Immigration, Lies and Politics

Immigration, Lies and Politics

Despite the impression given by scaremongers that the UK is being ‘swamped’ by immigrants, in Yorkshire and Humber net Immigration is on the decrease.

Despite these statistical trends, in the last European elections, Yorkshire and Humber voted in 3 UKIP MEPs. In all likelihood the party is likely to use similar scare tactics to try and win Northern seats in the 2015 general elections.

Ironically at a time when the North is gearing up for devolution in an attempt to bridge the North-South divide –a healthy relationship with the EU is critical to the wellbeing of the region’s economy. Almost £7 billion of Yorkshire’s annual exports go to the EU and almost 360,000 jobs depend on trade with our European partners.

Unfortunately none of the mainstream political parties are prepared to challenge the deficit narrative on the EU despite clear evidence of its benefits. The tendency to caricature the issue has been unhelpful because it does not take into account the different impact of immigration on different localities.

For instance, in a recent research that I did in North Yorkshire as the Chair of the Racial Justice in North Yorkshire project, it was very clear that for the region’s businesses – the small bed and breakfasts and hotels; the agricultural farms; and the processing plants – EU migrants are vital to the sectors’ survival. Without the ready availability of a pool of seasonal migrant workers, their businesses would not be viable.

Similarly with an ageing population in North Yorkshire, the care homes could not operate without migrant care workers to look after the old, infirm and dying – ironically the very group that is most resistant to migration.

Bradford on the other hand has a completely different demographics – it will have the largest ethnic minority youth population in Europe by 2030. The intra-community dynamics of migration plays itself out differently in a diverse place like Bradford.

The majority of ethnic minority communities live in inner-city areas where some of the neighbourhoods are in the bottom 5% of Super Output Areas. The deprived areas have one of the highest adult and child mortality rates in the country and rickets has made a come back in parts of the district. In constituencies like Bradford West and Bradford East, unemployment is running as high as 40%.

These are the very areas that many of the EU migrants are moving into because housing is cheap. A large number of the immigrants from the Roma community are also choosing to settle in Bradford because of its large Asian population – they believe that if they are less visible, they will be safer from discrimination and racism.

These migrants need hospitals, GP services, and schools for their children. Just over 3000 children from the EU enrolled in the local schools this year and although the official figures put the number of Roma students at 1280, the estimates are that the figure is likely to be nearer 2000.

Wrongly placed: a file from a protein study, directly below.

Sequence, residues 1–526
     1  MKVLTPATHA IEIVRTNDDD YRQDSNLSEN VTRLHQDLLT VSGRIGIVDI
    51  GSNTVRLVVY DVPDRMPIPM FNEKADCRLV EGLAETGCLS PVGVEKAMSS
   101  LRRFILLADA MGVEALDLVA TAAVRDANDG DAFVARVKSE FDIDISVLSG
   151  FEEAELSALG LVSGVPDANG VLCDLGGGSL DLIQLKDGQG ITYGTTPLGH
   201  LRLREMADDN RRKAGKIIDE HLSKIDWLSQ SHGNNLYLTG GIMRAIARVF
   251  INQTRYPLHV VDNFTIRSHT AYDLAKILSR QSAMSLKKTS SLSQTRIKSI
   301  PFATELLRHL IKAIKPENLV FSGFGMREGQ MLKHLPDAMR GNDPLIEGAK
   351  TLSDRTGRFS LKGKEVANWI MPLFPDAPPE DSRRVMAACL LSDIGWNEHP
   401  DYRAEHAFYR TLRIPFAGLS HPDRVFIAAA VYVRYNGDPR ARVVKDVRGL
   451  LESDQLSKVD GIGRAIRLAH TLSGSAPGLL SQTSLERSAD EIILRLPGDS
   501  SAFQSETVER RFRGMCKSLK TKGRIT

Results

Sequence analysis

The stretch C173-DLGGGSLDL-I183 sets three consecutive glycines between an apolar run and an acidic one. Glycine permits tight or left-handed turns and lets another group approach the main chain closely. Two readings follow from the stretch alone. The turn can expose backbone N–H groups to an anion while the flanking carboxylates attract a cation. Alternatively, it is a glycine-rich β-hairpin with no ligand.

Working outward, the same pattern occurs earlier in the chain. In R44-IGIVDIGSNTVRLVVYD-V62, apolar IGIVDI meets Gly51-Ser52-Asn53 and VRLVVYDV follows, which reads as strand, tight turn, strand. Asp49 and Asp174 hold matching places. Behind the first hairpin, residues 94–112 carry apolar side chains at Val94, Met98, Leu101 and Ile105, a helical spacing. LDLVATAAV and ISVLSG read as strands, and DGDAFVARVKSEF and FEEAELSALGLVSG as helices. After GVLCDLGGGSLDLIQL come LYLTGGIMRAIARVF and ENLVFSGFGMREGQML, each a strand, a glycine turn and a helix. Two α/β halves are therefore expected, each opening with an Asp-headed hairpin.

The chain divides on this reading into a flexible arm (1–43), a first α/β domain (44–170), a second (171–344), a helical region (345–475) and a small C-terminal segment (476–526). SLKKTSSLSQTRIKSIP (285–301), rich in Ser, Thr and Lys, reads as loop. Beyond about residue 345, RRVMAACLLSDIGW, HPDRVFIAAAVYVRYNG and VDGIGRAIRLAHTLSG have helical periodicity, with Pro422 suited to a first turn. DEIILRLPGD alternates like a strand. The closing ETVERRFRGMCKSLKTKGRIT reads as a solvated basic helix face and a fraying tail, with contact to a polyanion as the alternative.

It is widely acknowledged that the JSA sanction rates for migrants and refugees in Bradford are significantly high and this is hardly surprising given the lack of discrete support to help them negotiate their way around the benefits maze. This however has had an impact on the authority’s ability to recoup the pupil premium, which schools need to target teaching resources and offer free school meals to children in need. It is believed that Bradford is losing £650,000 in pupil premium payments, which in turn has an impact on the life-chances of young children.

So Bradford is a perfect example of one of those places where the government would say that migration has placed a disproportionate burden on the local authority and stretched local services. We may not have got things completely right in Bradford but there is a lot to commend the present Council leadership for trying to create a positive environment and building on the contribution of immigrants as a City of Sanctuary.

However Bradford would have been in a better position to meet the needs of its migrant communities were it not for the unfair financial settlement from central government. Bradford will have to make £40 million in cuts over the next two years due to an 8.1% reduction as part of the government’s austerity measure. Bradford is not alone – many Northern Labour strongholds have been targeted for disproportionate cuts while affluent Tory shires in the South have received a net increase in funding. For instance residents in George Osborne’s Tatton constituency in East Cheshire received a £2.6 million increase. So the failure of the Coalition government to give areas like Bradford a fair share of state finances and to blame immigrants for the strain on public services, is an exercise in political sophistry.

Clearly as we approach the next general elections both UKIP and the Coalition government will undoubtedly whip up anti-EU and anti- immigrant sentiments as part of their electoral strategy. While it may deliver short-term electoral gains, the increased community tensions and the opening up of a political space to racism and xenophobia will undoubtedly leave a devastating long-term legacy in its wake.

Ratna Lachman

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